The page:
New states looking to pass legislation are beginning to look at other states for guidance and establishing measures that are similar to previously passed laws. “As new states are bringing their laws onboard, they are looking to other states, looking to what works in Colorado, or Arizona, or Washington or other places and developing something that works for them," Aldworth said. "Many of the laws that we see passing now -- whether it be Massachusetts in 2012, or Nevada, which was just signed by the governor, or Illinois, which is on the governor’s desk -- each of those laws is taking the lessons learned in other states and applying them to their home state.”
The biggest roadblock to the cannabis industry is, obviously, the fact that it is illegal in most states. There are also the potential specters of high taxation and federal seizure, even for legitimate enterprises. “One of the challenges we face as an industry is it is sometimes perceived that we are talking about tax breaks. But in fact we are not talking about tax breaks; we are talking about being treated like any other business,” Aldworth said. “As of right now, cannabis businesses are paying between 60 and 85 percent for effective small-business taxes and most small business are paying between 15 and 35 percent. We would like to be closer to those other small businesses, but we want to be taxed and regulated.”
Harborside and Berkeley Patient Group are not allowed normal deductions for businesses under Internal Revenue Code section 280E. According to IRS law, “No deduction or credit shall be allowed for any amount paid or incurred during the taxable year in carrying on any trade or business if such trade or business (or the activities which comprise such trade or business) consists of trafficking in controlled substances (within the meaning of schedule I and II of the Controlled Substances Act), which is prohibited by Federal law or the law of any State in which such trade or business is conducted.”
Even when dispensaries are following the law, there is the potential for federal intervention. Harborside Health Center, of which DeAngelo is the CEO, and the Berkeley Patient Group are facing lawsuits for the forfeiture of their businesses and assets. While the businesses face federal opposition, they are welcomed community members. “Both... are facing civil asset forfeiture, despite the fact they are locally licensed and very much appreciated by their local government. The City of Oakland and the City of Berkeley are standing up behind these businesses and saying, ‘Hey, we want them here, so federal government, please don’t interfere with our local ability to regulate these businesses,’” Aldworth said.
The semantics are important when trying to convince people that even medical marijuana use is acceptable, Aldwoth said. “There is a lot of old fear about a regulated marijuana marked based on nonfactual information, but as we are able to sit down with legislators, as we’re able to sit down with decision-makers and as we’re able to work with the American public to demonstrate regulated marijuana is a much better option than allowing businesses and nonprofits control this very popular product, we are finding more and more are coming around to the idea that it’s time to tax and regulate."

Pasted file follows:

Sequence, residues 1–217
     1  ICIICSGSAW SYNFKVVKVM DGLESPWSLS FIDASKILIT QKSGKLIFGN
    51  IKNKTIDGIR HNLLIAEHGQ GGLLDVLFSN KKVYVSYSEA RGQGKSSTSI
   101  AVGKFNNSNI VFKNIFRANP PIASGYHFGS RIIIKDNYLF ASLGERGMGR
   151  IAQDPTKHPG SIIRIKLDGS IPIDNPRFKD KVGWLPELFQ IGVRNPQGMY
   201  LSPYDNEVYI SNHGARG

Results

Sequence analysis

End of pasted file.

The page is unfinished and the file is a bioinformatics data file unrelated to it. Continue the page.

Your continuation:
For many of the presenters and entrepreneurs at the ArcView forum, the desire to change the culture stems from personal experiences. Matt Luxton, Royght! founder, is presenting the Halo, an adjustable water pipe that fits into a coffee cup. “I invented it initially for a woman I knew who we were renting space from, who did have a bong and used medical cannabis for chronic pain," he explained. "She was in her 70s, but she was embarrassed by it and her kids had moved back and her grandchildren were living with her and she was smoking out of a little aluminum tube and it was painful for her. There needs to be something for her, something for these people.”
Luxton jokes around, saying he knows a vice president of a large company that has his son get cannabis, but he understands that the discourse needs to change even while he contends the old culture and stigma will never be completely erased. He also believes that medical cannabis can be an alternative to opioids prescribed for chronic pain. He relates a story about a father figure in his life, “The other end of the issue is the medical tide where opioids and continued use of pain medications are quickly becoming one of the leading causes of death. I have a personal friend, who was like a father to me growing up, he recently passed away after six years of chronic pain, he passed away in his sleep and it was very little doubt it was the medication, his body was depressed and his heart stopped.
“It’s terrible, but it happens every day, and when I talk to people about it, I hear other stories," Luxton said. "The reason this is not being used for medicine is, as it very well should be, just that, the stigma. The stigma is going to stick around as long as the old culture is around. I don’t think we’ll ever get rid of it. Cheech and Chong will always be hilarious, but we need to step into an era where cannabis can be sophisticated, where it can be fun and it is an adult endeavor but it is an endeavor you can choose.”
Charles Poladian joined IBTimes in October 2012 and, when not reporting on all things topical, can be found reading or photographing concerts.